Association of Atherosclerosis With Expression of the LILRB1 Receptor By Human NK and T-Cells Supports the Infectious Burden Hypothesis
Objective—The contribution of human cytomegalovirus (HCMV) to vascular disease may depend on features of the immune response not reflected by the detection of specific antibodies. Persistent HCMV infection in healthy blood donors has been associated with changes in the distribution of NK cell receptors (NKR). The putative relationship among HCMV infection, NKR distribution, subclinical atherosclerosis, and coronary heart disease was assessed.
Methods and Results—NKR expression was compared in acute myocardial infarction (AMI) patients (n=70) and a population-based control sample (n=209). The relationship between NKR expression and carotid intima-media thickness (CIMT) in controls (n=149) was also studied. HCMV infection was associated with higher proportions of NKG2C+ and LILRB1+ NK and T-cells. In contrast, only LILRB1+ NK and CD56+ T-cells were found to be increased in AMI patients, independent of age, sex, conventional vascular risk factors, and HCMV seropositivity. Remarkably, LILRB1 expression in NK and T-cells significantly correlated with CIMT in controls.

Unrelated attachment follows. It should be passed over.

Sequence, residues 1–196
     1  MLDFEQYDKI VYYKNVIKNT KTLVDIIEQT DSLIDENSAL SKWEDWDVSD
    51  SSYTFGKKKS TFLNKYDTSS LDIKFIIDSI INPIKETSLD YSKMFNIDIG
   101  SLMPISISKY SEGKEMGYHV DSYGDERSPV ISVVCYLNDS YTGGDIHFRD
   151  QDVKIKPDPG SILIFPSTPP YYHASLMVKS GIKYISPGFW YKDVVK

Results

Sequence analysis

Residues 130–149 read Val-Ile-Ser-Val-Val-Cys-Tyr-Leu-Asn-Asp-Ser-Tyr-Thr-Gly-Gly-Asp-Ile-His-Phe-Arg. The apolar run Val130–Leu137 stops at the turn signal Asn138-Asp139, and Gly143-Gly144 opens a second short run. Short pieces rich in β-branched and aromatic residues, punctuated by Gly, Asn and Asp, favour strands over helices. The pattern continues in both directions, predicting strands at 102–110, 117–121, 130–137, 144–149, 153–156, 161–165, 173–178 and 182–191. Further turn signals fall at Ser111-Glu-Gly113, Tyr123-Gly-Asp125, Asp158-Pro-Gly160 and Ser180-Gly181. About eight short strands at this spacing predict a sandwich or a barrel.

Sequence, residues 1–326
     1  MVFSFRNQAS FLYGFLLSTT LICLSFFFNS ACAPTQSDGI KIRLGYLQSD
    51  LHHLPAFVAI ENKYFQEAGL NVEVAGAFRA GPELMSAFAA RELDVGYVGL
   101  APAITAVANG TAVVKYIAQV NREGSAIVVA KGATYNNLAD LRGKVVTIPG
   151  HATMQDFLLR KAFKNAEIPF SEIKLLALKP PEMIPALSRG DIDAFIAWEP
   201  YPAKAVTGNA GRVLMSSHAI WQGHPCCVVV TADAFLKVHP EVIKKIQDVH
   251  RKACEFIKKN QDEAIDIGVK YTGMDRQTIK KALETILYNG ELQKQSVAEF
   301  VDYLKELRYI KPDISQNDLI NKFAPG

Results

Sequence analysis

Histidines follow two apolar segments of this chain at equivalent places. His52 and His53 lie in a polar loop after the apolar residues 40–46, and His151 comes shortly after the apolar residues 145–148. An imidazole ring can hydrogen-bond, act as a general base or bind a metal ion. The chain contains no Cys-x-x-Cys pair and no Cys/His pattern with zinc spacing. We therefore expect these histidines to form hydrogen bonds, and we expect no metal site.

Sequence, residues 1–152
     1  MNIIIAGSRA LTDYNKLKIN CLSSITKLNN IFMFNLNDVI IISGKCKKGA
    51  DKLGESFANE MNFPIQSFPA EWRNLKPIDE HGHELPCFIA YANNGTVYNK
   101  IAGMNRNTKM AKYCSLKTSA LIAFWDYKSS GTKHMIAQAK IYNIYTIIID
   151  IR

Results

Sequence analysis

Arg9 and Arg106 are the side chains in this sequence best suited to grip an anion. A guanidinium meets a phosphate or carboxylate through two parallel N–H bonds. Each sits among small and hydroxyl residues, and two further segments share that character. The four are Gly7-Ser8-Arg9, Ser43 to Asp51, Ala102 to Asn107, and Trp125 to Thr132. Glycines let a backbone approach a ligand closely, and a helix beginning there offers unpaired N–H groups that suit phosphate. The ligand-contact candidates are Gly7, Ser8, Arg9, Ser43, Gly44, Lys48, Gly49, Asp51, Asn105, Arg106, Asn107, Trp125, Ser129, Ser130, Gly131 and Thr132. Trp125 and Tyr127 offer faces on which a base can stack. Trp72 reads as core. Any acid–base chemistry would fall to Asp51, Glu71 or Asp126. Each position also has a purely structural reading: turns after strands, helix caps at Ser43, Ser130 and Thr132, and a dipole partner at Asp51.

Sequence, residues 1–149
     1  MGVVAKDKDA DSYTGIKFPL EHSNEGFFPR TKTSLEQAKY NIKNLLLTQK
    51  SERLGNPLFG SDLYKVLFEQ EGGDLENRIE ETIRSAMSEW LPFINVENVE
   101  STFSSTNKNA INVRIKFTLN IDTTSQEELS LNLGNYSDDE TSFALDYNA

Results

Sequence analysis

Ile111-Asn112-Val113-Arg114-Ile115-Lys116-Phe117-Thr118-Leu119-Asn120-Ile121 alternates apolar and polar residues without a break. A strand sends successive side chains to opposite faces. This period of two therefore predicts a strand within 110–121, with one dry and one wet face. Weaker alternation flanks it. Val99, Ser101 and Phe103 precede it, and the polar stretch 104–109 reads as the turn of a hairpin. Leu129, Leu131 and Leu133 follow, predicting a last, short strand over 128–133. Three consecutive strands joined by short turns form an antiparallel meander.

Conclusion—The association of overt and subclinical atherosclerotic disease with LILRB1+ NK and T-cells likely reflects a relationship between the immune challenge by infections and cardiovascular disease risk, without attributing a dominant role for HCMV. Our findings may lead to the identification of novel biomarkers of vascular disease.
- Received March 12, 2011.
- Accepted July 18, 2011.
- © 2011 American Heart Association, Inc.